The Trials of Translation– Tricky and Misleading Words

While translating Dessart’s texts, I found some words that were tricky to translate. I’ve listed some of the more amusing ones for your entertainment- enjoy!

Chagrine: The English word chagrine means “sorrowful”. Google Translate thought this was what Dessart meant as well, and I became confused about why Dessart kept describing so many sorrowful wasps. But what Dessart actually meant was “chagrined”, referring to the texture of the wasps. The error in translating chagrine was worsened by the fact that Dessart often describes the wasps as being sombre, which means “dark”; in this case, he means that the wasps are dark in color, not dark in mood.

Alutace: This was one of the first terms that gave me problems. Searches online could not reveal the translation or even the origin of this word. My grandfather dug out an old dictionary from his collection and was able to tell me that the term referred to the texture of book leather. After talking to István, I learned that the term alutaceous is commonly used among hymenopterists to refer to the texture of the cuticle.

Lyrees: It looks like lyre, but words don’t always mean what they look like (take chagrine or sombre, for example). Talking to István, however, we worked out that lyrees could mean “lyre- shaped,” referring to the dorsal sutures on megaspilids which do indeed resemble the shape of a lyre.

Can you see the lyre shape on the back of this Conostigmus specimen from Madagascar? Photo by István Mikó (CC BY 2.0).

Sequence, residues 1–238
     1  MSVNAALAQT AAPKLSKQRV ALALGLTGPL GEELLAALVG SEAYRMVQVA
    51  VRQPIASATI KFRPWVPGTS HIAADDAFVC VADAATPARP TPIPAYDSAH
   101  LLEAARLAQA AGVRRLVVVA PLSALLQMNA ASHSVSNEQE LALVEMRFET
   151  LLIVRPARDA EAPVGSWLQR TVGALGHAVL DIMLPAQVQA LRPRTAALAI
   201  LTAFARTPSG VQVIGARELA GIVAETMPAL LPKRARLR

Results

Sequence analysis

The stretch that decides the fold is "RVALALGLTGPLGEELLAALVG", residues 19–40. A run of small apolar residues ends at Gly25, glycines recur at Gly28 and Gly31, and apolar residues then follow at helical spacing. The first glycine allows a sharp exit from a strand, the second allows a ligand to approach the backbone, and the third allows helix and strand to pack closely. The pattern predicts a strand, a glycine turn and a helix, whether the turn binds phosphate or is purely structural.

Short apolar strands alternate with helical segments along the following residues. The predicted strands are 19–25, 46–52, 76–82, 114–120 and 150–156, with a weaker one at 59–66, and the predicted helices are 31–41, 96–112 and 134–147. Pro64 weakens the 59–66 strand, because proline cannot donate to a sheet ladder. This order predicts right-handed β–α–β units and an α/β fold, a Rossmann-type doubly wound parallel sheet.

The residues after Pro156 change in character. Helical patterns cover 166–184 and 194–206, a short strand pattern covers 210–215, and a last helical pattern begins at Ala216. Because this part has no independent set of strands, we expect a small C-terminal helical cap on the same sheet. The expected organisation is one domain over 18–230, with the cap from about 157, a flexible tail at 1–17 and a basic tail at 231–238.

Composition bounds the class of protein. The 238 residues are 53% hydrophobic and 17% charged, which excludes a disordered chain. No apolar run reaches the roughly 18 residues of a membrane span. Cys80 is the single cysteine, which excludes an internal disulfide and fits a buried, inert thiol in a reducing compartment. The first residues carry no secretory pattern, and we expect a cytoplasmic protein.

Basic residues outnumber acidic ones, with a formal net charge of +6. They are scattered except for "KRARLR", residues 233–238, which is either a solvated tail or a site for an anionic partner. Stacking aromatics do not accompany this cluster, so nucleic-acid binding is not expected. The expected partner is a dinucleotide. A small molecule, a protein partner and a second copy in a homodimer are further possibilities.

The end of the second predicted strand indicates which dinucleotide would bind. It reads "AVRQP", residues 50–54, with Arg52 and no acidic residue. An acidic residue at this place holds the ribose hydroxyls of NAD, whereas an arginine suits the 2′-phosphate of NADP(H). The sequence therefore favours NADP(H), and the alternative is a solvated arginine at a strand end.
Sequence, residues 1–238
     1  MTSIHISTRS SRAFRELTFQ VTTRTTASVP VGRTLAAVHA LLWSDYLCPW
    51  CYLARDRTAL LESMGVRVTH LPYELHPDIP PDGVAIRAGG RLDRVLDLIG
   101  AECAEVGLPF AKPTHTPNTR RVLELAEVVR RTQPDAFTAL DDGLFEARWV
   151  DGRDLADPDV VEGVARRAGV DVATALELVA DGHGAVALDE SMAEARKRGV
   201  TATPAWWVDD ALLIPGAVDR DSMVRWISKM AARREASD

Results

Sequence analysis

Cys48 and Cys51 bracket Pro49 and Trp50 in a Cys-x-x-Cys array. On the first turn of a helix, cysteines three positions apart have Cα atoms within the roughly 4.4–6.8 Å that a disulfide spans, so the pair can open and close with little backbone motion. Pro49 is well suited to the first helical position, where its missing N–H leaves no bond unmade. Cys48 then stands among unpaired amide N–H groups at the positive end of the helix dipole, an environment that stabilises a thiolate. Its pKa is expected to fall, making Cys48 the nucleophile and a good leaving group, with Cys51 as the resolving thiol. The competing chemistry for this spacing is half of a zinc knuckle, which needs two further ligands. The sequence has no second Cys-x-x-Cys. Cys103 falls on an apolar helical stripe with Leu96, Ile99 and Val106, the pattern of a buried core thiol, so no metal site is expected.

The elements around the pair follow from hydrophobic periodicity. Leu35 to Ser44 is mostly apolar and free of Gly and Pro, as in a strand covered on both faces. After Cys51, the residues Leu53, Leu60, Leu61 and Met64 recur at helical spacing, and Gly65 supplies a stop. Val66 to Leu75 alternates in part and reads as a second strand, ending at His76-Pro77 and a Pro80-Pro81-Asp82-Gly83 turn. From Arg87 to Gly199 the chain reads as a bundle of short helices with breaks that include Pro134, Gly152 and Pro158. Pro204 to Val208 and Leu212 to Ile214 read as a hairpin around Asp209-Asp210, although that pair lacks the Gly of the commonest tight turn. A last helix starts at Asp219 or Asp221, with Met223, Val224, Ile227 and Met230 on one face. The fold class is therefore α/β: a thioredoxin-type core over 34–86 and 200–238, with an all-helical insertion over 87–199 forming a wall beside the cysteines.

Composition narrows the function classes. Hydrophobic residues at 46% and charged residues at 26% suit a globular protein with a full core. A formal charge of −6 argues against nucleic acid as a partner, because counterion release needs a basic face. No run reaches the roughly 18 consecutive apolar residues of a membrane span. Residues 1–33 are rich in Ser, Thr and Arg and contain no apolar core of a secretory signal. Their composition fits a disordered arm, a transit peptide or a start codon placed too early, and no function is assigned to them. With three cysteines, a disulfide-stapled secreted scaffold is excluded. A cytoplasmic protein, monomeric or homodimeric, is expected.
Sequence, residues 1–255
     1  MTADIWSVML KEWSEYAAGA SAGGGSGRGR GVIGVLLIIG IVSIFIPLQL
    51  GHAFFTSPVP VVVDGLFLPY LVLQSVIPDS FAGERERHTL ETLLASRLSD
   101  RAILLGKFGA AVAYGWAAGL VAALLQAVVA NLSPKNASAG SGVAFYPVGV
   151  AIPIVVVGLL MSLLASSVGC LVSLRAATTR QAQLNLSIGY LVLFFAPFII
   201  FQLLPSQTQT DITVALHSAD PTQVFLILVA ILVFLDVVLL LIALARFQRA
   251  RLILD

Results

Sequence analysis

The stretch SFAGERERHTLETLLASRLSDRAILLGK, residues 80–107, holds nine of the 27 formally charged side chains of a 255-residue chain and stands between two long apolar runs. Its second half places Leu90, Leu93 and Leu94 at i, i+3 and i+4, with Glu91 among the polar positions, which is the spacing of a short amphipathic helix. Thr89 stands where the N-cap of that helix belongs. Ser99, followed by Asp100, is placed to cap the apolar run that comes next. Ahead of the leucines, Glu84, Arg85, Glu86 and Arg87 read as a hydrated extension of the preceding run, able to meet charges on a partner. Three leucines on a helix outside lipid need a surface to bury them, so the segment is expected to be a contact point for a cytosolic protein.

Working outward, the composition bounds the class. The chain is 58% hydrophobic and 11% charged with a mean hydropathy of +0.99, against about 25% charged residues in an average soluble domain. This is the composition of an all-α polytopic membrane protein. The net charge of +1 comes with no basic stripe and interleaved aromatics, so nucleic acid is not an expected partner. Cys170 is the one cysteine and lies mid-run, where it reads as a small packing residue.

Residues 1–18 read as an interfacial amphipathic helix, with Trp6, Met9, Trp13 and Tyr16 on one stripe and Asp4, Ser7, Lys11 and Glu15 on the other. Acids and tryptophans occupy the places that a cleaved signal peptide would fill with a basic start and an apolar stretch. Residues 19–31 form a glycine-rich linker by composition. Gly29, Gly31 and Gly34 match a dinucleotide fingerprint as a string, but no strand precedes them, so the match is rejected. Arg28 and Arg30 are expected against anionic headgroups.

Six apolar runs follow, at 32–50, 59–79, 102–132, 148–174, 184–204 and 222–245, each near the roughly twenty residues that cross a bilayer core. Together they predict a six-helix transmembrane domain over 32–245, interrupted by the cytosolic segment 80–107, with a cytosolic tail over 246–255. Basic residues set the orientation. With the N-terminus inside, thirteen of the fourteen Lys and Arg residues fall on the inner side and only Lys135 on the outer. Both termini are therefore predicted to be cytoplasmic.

Bombées: It looks like “bomb”, right? Or perhaps Bombus, to those bee fans out there? Google translated this word as “bomb” at first, but then I noticed that I forgot the accent over the first “e”, which changed the translation to “bent” or “rounded”. It makes much more sense to have a rounded mesopleuron than an exploding one.

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5 Responses to The Trials of Translation– Tricky and Misleading Words

  1. Colin says:

    I think a better translation of «chagrine» would be “shagreen”, which is pronounced identically in French and English. It is a type of leather and in the descriptions would refer to the cuticle texture. The other translations, «alutacé», «lyrées», and «bombées» are spot on. 🙂

  2. Matt Bertone says:

    Alutaceous is a common term for a texture like that of skin (and then by extension leather I guess). A lot of groups use that especially beetles.

    I also thought “shagreen” was the word as in https://en.wikipedia.org/wiki/Shagreen and perhaps changed between languages.

  3. Joseph F. Muratore, MD says:

    I enjoyed your article. It brought back many memories burning the mid-night oil ,
    searching for the elusive connection between French, English and Latin.
    Thank you for the mental gymnastics.

    All my love,
    Papa

  4. Neal Evenhuis says:

    Chagrine is often used when shagreen is meant. See here: https://en.wikipedia.org/wiki/Shagreen

  5. Jakob Boman says:

    Yeah… it is not easy… I had a good look at it. It was fun, but I didn’t come up with any good suggestions.

    I often read your blog as I share your passion. However, I’m not at your level:-)

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